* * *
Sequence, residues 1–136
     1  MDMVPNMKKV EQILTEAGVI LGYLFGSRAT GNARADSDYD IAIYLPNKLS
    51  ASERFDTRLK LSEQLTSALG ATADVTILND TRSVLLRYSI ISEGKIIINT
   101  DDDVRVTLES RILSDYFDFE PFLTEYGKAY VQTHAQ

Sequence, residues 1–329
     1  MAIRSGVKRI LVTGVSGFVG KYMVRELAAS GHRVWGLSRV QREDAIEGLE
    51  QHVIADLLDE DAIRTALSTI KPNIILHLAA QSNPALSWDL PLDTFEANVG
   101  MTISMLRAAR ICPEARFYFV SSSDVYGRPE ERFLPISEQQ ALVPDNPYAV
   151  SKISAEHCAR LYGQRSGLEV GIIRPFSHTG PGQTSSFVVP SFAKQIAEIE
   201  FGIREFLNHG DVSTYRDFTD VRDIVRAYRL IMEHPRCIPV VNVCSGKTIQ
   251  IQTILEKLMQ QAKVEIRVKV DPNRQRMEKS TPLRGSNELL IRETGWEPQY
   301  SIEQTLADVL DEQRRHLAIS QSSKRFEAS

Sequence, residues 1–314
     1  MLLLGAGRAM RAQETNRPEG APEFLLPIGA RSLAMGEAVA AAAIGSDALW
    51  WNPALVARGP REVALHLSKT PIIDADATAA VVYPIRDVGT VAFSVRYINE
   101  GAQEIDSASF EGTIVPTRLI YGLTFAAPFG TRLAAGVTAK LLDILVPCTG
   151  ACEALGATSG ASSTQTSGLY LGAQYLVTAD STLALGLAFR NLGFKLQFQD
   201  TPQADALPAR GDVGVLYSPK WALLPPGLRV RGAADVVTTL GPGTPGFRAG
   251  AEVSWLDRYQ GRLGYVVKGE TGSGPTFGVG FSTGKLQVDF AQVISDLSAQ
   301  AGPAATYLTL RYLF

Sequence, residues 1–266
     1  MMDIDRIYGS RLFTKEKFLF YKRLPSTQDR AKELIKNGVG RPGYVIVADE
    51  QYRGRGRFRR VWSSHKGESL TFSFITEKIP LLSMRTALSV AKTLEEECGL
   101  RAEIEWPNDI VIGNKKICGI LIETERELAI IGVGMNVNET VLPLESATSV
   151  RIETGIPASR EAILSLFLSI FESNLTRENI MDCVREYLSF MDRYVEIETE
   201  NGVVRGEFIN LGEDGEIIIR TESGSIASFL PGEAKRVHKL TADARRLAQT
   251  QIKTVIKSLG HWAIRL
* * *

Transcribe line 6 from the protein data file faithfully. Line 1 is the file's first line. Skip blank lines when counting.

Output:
     1  MAIRSGVKRI LVTGVSGFVG KYMVRELAAS GHRVWGLSRV QREDAIEGLE